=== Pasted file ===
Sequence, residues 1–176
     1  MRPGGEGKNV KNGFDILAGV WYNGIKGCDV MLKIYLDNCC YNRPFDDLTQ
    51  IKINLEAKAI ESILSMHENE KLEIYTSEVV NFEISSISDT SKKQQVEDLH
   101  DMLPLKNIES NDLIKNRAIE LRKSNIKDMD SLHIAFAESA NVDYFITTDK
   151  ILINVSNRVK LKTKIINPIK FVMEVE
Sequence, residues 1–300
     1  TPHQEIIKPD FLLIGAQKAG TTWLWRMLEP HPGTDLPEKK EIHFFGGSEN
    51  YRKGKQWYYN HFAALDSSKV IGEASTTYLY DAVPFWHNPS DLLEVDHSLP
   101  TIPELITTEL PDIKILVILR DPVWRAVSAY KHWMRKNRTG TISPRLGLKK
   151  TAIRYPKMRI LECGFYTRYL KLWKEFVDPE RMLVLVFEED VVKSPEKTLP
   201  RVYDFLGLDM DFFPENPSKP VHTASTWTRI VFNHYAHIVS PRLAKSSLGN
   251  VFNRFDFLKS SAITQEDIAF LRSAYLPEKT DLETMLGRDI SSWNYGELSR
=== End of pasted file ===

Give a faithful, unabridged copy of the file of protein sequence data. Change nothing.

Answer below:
Sequence, residues 1–176
     1  MRPGGEGKNV KNGFDILAGV WYNGIKGCDV MLKIYLDNCC YNRPFDDLTQ
    51  IKINLEAKAI ESILSMHENE KLEIYTSEVV NFEISSISDT SKKQQVEDLH
   101  DMLPLKNIES NDLIKNRAIE LRKSNIKDMD SLHIAFAESA NVDYFITTDK
   151  ILINVSNRVK LKTKIINPIK FVMEVE
Sequence, residues 1–300
     1  TPHQEIIKPD FLLIGAQKAG TTWLWRMLEP HPGTDLPEKK EIHFFGGSEN
    51  YRKGKQWYYN HFAALDSSKV IGEASTTYLY DAVPFWHNPS DLLEVDHSLP
   101  TIPELITTEL PDIKILVILR DPVWRAVSAY KHWMRKNRTG TISPRLGLKK
   151  TAIRYPKMRI LECGFYTRYL KLWKEFVDPE RMLVLVFEED VVKSPEKTLP
   201  RVYDFLGLDM DFFPENPSKP VHTASTWTRI VFNHYAHIVS PRLAKSSLGN
   251  VFNRFDFLKS SAITQEDIAF LRSAYLPEKT DLETMLGRDI SSWNYGELSR